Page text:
Talking About Sex: Teens Less Comfortable Than Parents
Jim LiebeltJim is Senior Writer, Editor and Researcher for the HomeWord Center for Youth and Family at Azusa Pacific University. Jim has over 25 years of experience as a youth and family ministry specialist, and has been on the HomeWord staff since 1998. He has served over the years as a pastor, author, youth ministry trainer, adjunct college instructor and speaker. Jim’s culture blog and parenting articles appear on HomeWord.com. Jim is a contributing author of culture and parenting articles to Crosswalk.com. Jim and his wife Jenny live in Olympia, WA.
- 2012 Oct 04
Think that parents are the only ones who get stressed when talking to their teens about sex and relationships? Think again.
Just over 50 percent of moms and dads express some level of unease, compared to 82 percent of teens, a survey out today finds.
And on issues such as how to say no to sex, teen pregnancy and sexting, nearly 90 percent of teens say they don't want additional discussions with their parents. And one in six say their parents have never spoken to them about anything sex-related.
The findings, from a nationally representative survey of 2,000 parents and their kids ages 15-18, also show that being comfortable does not guarantee being informed: 81 percent of those who have sexually active teens know that their teens have had intercourse. But only 45 percent of those whose teens said they have had oral sex knew it.
Parents may underestimate their teen's sexual activity, but overall the new findings show that parents consider talking about sexual health an important part of their parenting job, says Leslie Kantor, vice president of education for Planned Parenthood Federation of America. The health care provider and advocacy group co-sponsored the survey, along with the Center for Latino Adolescent and Family Health at New York University and Family Circle magazine, as part of the nationwide Let's Talk Month campaign.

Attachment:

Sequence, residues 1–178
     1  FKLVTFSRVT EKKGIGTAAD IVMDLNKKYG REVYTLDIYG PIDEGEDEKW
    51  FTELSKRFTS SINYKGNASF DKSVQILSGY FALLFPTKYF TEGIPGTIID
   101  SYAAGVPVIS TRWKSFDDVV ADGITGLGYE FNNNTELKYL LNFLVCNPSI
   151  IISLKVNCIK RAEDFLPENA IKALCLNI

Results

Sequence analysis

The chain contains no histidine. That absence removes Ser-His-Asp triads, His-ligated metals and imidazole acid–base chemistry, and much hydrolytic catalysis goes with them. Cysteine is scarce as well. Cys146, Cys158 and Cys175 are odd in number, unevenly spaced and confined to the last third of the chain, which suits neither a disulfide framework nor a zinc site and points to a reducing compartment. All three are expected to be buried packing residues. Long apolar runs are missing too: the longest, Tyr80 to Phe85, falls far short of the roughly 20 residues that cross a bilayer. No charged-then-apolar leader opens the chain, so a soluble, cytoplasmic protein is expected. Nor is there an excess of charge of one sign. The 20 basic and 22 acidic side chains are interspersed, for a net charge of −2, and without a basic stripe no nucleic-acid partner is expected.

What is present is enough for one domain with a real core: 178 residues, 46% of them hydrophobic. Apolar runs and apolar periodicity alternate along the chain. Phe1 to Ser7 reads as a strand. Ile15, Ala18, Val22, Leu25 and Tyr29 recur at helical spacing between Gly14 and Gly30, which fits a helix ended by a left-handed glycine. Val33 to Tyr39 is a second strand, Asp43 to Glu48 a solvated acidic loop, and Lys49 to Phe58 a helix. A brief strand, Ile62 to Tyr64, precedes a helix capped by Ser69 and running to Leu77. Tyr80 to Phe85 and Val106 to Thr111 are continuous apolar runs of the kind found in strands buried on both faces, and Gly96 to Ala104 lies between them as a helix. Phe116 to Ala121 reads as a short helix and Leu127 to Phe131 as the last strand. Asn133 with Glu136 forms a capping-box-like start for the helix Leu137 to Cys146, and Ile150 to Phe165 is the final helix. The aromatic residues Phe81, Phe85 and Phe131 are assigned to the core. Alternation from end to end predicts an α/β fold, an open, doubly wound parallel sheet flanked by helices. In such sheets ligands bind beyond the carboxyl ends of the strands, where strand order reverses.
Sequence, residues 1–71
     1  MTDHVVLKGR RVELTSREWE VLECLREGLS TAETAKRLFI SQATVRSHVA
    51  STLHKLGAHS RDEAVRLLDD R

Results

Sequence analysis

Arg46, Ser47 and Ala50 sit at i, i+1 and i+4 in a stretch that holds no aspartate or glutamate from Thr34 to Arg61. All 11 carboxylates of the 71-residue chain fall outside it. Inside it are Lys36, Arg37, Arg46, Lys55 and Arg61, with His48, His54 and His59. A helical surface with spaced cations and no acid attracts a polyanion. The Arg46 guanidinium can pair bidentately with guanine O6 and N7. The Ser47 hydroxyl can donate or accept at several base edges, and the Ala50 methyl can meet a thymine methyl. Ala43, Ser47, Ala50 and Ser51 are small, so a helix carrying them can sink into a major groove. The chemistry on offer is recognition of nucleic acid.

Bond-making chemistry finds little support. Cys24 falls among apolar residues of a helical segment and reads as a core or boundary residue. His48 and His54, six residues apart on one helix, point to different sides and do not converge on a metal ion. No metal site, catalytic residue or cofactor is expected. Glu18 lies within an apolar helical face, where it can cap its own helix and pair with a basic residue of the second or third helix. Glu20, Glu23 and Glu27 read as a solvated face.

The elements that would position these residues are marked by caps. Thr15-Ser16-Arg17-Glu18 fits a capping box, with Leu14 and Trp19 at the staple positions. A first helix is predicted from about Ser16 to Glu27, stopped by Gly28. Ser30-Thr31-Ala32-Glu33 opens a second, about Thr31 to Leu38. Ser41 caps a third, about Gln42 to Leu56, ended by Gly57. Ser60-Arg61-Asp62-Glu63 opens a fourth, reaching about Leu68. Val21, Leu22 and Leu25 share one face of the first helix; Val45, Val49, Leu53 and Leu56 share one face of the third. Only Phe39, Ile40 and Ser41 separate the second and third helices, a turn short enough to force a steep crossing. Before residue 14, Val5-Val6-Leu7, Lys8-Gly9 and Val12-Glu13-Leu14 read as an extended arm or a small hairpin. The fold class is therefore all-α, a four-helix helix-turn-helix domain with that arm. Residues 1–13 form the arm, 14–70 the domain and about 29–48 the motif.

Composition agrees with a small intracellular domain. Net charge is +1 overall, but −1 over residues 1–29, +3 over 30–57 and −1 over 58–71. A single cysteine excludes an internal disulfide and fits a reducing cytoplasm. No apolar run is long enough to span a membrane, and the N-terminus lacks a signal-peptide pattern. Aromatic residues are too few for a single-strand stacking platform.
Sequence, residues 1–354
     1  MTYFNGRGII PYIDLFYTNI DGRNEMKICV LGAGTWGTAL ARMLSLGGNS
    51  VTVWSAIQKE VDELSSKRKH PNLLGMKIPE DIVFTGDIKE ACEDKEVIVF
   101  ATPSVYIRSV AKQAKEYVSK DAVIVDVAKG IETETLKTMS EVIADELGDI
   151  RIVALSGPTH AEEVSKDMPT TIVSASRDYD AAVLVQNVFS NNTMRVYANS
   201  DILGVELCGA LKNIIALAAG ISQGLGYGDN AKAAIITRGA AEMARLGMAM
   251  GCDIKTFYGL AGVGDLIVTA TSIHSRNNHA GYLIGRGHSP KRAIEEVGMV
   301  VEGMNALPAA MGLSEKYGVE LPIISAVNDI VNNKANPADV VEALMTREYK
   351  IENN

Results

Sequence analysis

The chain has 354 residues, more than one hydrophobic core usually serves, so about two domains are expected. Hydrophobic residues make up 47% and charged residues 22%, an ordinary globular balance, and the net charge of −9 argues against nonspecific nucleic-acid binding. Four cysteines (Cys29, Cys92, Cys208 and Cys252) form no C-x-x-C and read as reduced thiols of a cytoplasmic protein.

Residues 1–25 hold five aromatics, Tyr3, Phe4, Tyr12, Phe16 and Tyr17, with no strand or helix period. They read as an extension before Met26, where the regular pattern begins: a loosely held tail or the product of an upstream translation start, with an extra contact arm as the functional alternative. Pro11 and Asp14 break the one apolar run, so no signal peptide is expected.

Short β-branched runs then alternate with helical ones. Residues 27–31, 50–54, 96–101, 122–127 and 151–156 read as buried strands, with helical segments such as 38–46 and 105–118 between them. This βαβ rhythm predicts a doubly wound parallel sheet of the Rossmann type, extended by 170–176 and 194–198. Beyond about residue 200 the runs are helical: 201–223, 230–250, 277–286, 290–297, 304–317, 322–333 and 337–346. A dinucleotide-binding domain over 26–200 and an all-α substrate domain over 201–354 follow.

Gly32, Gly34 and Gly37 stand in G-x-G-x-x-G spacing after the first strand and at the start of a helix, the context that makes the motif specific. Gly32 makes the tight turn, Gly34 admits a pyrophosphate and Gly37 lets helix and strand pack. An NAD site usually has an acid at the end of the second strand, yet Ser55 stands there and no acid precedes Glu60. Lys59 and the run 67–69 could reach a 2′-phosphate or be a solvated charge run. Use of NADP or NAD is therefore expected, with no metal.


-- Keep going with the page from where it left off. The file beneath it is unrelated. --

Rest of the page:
According to the survey's findings:
- 42 percent of parents say they've talked to their teens "many times" about how to say no to sex. But just 27 percent of teens say parents have talked that often.
- 48 percent of parents say they've talked "many times" to their teens about when sex should or shouldn't take place; 29 percent of teens agreed.
- 29 percent of parents say they've talked "many times" to their teens about birth control methods; 35 percent of teens say their parents "never" or just "once" discussed the issue.
- 39 percent of parents say they've discussed the risks of sexting (sending sexually explicit text messages); 41 percent of teens say their parents "never" or "just once" discussed the issue.